Crunchy parents have a totally different perspective on the world. What appears to most as a rosy paradise of bright colors and sugary delights, the crunchy parent sees only as a horror-filled wasteland of toxins, pharmaceuticals, additives, and petrochemicals.
We live in dangerous times.
And no other day of the year so perfectly positions crunchy parents in contrast with the culture-at-large than Halloween. Children are encouraged by all to go door to door to fill sacks with yellow dye 7, dubiously sourced chocolate, GMO’s, and loads and loads of refined white sugar.
And I used to think to myself, “Well…it’s just once a year. I used to eat candy like this at Halloween and it didn’t hurt me…” And lots of parents understandably join me in thinking this way, but then it hit me last year:
THIS CANDY IS NOT LIKE THE CANDY WE ATE AS KIDS
For the last 10 years at least, our food sources have been increasingly sourced from GMO’s, meaning pesticide-producing-enzyme-laced food ingredients. And while no formal links have been proven, the weight of evidence is growing that these genetically altered ingredients are causing massive health problems, and may be the leading cause of the epidemic of food allergies that we’re seeing in kids today.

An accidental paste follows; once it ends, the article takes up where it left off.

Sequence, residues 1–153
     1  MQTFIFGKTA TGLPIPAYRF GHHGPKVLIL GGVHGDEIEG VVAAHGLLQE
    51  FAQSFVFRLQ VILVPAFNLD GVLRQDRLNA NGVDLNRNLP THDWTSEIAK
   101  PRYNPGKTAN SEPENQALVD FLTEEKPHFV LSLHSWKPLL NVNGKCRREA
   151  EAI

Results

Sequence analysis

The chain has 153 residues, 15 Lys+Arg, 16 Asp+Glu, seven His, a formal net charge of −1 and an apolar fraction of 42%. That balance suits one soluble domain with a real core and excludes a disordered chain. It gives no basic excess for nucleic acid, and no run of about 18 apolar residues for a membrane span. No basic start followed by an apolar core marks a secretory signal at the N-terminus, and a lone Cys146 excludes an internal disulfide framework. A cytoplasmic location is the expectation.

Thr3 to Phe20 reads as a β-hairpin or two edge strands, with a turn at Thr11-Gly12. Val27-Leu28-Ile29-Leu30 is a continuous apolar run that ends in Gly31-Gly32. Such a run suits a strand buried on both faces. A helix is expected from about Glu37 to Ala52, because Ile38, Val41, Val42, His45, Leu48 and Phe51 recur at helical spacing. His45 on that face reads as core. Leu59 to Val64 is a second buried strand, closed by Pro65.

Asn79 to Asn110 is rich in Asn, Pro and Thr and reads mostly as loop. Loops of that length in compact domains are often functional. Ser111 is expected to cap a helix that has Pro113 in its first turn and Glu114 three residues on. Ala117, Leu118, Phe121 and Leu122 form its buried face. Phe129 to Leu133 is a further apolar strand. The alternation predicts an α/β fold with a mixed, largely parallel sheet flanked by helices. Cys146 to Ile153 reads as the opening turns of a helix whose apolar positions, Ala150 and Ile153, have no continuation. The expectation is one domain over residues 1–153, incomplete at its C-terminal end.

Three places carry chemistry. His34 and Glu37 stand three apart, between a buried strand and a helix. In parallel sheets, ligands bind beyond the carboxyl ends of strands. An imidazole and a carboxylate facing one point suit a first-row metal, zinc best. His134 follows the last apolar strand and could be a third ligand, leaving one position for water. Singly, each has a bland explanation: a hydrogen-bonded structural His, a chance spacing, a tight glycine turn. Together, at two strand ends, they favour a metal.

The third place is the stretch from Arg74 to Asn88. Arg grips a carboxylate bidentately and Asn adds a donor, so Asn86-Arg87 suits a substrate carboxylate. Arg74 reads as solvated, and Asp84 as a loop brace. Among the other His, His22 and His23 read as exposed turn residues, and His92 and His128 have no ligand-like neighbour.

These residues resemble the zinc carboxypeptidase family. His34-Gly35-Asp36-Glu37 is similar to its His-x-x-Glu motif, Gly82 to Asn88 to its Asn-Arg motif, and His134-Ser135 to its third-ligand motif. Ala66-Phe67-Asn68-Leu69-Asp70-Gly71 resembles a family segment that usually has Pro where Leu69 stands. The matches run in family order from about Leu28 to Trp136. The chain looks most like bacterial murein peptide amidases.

Additionally, we’re finally wising up (Thanks Internet!) to the nutritional and social impact of some of the products we’re consuming:
- The global chocolate market is largely produced using child slave-labor, we need something on this akin to the anti-Blood-Diamond movement.
- Refined white sugar is more addictive than cocaine, and seems to be the root cause of childhood obesity and adult-onset diabetes showing up in kids.
- And I don’t think it’s necessary to review the dangers of food coloring (Cancer, ADHD, etc.)
What can parents do? A couple of suggestions:
- We open a Halloween store of small items from the dollar store (Thanks China!) and allow our kids to buy items using candy. Set the value of each piece of candy at so that it’s total value matches the total cost of items in your store. What you end up choosing will depend on the volume of your kids candy-haul that year. Save them from a sugary demise and work on their math and shopping skillz at the same time! (We do let them keep a few piece of candy to eat also, we’re not monsters, but most of their candy goes toward this shopping experience.)
- Educate your neighborhood! Instead of having your kids say “Trick or Treat”, have them rotate through an assortment of variant holiday greetings, such as:
- Trick or Type-II Diabetes!
- Trick or Attention-Deficient-Hyperactivity-Disorder!
- Trick or Genetically Modified Corn-Syrup!
- Trick or Blood-Chocolate!
You might have to also hand out an educational leaflet with that last one…
NEXT WEEK, ON THE CRUNCHY DUNGEON: